Armed with measuring tape, flow meters and sampling bottles, interdisciplinary teams of students and faculty from Utah State University, the University of Utah and Brigham Young University embarked on a three-day trek covering some 20 miles along the Logan River from central Cache Valley to Franklin Basin.
The Aug. 17-19 effort was part of the busy summer schedule of iUTAH (innovative Urban Transitions and Aridregion Hydro-sustainability), a statewide project initiated in 2012 with a $20 million grant from the National Science Foundation. The multi-institution project is aimed at exploring how population growth, a changing climate and land use are affecting the state’s water resources.
“Our researchers conducted synoptic sampling, which is essentially a science ‘blitz’ through the Logan River watershed to measure many water-related parameters,” says Mark Brunson, iUTAH education, outreach and diversity director and professor in USU’s Department of Environment and Society and the USU Ecology Center.
iUTAH teams completed similar sampling efforts during the past year, with more comprehensive studies this summer along the Logan River and Salt Lake City’s Red Butte Creek.
“We’ll use the data we collect from the Logan River watershed and those from the Red Butte study to begin identifying common watershed characteristics and responses,” says Bethany Neilson, associate professor in USU’s Department of Civil and Environmental Engineering, who coordinated the Logan River watershed sampling project along with her doctoral student, Michelle Barnes.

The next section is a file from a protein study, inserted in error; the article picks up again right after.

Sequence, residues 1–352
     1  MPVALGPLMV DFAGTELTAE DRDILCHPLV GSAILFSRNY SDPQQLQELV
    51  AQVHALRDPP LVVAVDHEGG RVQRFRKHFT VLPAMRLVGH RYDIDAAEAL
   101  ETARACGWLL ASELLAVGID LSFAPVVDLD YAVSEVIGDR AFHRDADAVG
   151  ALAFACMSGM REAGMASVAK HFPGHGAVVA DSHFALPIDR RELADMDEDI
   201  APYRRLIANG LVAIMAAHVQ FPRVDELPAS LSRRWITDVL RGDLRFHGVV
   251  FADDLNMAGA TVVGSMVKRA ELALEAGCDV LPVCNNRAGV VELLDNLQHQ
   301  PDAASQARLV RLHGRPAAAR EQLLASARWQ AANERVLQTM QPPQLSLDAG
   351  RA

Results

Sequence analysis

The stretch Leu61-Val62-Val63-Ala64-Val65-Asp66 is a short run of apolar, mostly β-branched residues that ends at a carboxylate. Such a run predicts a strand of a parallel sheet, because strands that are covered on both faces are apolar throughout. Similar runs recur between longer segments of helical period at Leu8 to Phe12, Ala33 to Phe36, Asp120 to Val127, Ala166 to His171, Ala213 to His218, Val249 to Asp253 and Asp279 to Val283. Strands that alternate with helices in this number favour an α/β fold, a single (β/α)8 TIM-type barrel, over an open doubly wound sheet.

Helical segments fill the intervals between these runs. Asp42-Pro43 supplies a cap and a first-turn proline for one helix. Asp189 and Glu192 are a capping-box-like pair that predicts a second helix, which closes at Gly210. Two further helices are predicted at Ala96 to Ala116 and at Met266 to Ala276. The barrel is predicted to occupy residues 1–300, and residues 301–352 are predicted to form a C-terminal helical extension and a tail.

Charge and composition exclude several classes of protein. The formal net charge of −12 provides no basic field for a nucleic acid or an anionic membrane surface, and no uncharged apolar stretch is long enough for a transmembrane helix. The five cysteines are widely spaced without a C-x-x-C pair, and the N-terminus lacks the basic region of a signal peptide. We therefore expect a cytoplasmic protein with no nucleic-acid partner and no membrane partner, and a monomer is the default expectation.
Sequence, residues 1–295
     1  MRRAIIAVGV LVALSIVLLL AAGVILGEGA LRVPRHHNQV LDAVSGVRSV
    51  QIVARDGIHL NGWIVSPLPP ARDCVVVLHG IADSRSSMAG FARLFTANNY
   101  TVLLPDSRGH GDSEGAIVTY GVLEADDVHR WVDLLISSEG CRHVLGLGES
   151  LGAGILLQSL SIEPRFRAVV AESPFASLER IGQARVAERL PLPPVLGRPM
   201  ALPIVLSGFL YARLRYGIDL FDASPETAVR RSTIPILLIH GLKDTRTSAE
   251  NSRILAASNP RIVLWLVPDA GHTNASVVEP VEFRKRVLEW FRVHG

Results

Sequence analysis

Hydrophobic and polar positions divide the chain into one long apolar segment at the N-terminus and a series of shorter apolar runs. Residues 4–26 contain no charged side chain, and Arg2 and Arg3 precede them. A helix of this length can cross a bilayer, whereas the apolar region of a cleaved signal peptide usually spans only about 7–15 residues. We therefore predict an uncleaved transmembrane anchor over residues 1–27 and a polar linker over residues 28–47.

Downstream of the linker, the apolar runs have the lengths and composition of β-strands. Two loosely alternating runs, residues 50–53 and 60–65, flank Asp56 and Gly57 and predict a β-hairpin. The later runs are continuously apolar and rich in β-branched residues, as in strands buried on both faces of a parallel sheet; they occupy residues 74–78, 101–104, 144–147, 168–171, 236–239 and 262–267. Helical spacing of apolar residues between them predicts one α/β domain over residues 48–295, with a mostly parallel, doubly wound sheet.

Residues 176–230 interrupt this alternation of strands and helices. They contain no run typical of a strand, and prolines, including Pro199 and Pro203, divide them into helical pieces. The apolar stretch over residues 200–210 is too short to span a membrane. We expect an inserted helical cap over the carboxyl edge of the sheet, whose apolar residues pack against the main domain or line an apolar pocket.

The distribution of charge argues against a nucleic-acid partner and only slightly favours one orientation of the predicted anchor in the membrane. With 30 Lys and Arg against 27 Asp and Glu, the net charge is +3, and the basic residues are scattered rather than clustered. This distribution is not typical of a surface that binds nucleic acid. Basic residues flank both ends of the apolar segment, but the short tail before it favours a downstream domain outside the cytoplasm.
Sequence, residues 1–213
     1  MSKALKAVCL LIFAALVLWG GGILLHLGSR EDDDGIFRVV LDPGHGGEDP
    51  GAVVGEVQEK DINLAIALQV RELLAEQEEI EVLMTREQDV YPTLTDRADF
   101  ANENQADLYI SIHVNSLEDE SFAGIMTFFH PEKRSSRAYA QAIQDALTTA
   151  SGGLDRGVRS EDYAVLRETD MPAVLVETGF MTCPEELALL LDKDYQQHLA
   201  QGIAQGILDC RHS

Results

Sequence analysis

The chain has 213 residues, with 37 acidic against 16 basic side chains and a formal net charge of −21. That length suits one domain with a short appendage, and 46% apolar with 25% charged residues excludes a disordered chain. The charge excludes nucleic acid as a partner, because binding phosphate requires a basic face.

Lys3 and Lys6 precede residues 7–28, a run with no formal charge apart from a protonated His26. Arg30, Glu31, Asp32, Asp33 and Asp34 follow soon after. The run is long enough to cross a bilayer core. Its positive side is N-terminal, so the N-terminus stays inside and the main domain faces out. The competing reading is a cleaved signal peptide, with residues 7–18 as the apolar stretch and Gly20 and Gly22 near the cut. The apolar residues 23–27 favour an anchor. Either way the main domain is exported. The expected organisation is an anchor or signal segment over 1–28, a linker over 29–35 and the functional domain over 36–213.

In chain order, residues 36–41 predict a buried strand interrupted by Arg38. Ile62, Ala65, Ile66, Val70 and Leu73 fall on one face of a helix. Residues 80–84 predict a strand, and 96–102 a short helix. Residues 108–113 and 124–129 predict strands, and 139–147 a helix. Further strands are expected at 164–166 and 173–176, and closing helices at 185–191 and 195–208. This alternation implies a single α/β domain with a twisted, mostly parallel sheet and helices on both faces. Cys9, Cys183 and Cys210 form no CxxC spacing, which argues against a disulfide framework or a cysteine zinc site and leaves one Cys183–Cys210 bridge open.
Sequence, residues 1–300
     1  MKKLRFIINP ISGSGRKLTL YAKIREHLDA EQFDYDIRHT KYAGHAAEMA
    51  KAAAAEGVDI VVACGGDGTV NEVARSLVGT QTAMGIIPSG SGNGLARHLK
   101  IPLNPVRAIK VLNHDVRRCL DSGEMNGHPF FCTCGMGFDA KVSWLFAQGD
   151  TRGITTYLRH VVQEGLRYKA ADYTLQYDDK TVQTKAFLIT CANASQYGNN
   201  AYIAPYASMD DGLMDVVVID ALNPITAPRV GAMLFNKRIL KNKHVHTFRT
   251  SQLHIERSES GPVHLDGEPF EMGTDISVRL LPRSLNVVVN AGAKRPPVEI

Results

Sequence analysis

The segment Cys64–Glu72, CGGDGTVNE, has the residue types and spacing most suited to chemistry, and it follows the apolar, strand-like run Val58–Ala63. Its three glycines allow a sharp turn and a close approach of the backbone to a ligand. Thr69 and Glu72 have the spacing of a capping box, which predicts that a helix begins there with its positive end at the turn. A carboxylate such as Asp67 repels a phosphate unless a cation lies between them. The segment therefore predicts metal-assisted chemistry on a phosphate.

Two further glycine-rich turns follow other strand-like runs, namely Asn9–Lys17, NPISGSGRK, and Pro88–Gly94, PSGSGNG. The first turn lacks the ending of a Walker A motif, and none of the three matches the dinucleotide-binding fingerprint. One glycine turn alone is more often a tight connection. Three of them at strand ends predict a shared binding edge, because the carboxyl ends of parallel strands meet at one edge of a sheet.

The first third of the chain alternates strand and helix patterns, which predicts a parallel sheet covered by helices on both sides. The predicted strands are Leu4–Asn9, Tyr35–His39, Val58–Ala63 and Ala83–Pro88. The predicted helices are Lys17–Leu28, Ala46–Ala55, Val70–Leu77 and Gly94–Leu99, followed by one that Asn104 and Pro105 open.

Neilson says a goal of the study is to determine how ground water is interacting with the river system’s surface water.
“People tend to look at a river like a pipe — as though it’s isolated from the landscape surrounding it,” she says. “But that’s not the case. The river interacts continuously with ground water.”
By measuring stream flow and a wide variety of chemical parameters, the researchers hope to get a better picture of where the water’s coming from and where it’s going.
In addition to flow, teams in the sampling effort measured water temperature, dissolved oxygen, pH, particulate matter, organic matter, isotopes, ions, nutrients and trace metals, while an additional team collected samples in search of E. coli and coliform bacteria.
iUTAH, which draws expertise from scientists, engineers and managers in a wide range of disciplines, has employed more than 60 undergraduate and graduate student researchers, with the undergrads’ participation funded through its iFellows program. In addition, the five-year project recently instituted a pilot iUTAH Traineeship program to provide students with hands-on opportunities, such as the Logan River watershed sampling blitz, to gain water resource management skills in real-world projects.
“The iUTAH Traineeship program prepares students to enter the workforce ready to hit the ground running in such agencies as the Utah Department of Environmental Quality and the EPA,” says Andy Leidolf, iUTAH assistant director and project administrator. “We’ve had an enthusiastic response from both faculty and agency managers, who are eager to provide learning opportunities for students.”
Michelle Baker, professor in USU’s Department of Biology and the USU Ecology Center, serves as iUTAH project director. She is featured speaker at the College of Science’s Science Unwrapped public outreach program Friday, Nov. 6, during the program’s fall 2015 Bridging Troubled Waters series. Science Unwrapped, which also has presentations scheduled for Sept. 11 and Oct. 6, is free and open to all ages. Presentations are held in the Eccles Science Learning Center Emert Auditorium on campus.
Contact: Michelle Baker, 435-797-1612, email@example.com
Writer: Mary-Ann Muffoletto, 435-797-3517, firstname.lastname@example.org